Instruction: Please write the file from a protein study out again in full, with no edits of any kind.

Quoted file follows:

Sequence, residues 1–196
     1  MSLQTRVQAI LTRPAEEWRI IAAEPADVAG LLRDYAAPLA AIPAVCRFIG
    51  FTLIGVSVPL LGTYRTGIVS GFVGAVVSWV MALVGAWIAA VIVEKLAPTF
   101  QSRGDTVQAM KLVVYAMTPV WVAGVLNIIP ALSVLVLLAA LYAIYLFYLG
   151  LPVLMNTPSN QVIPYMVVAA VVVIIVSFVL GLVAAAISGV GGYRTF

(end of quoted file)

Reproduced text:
Sequence, residues 1–196
     1  MSLQTRVQAI LTRPAEEWRI IAAEPADVAG LLRDYAAPLA AIPAVCRFIG
    51  FTLIGVSVPL LGTYRTGIVS GFVGAVVSWV MALVGAWIAA VIVEKLAPTF
   101  QSRGDTVQAM KLVVYAMTPV WVAGVLNIIP ALSVLVLLAA LYAIYLFYLG
   151  LPVLMNTPSN QVIPYMVVAA VVVIIVSFVL GLVAAAISGV GGYRTF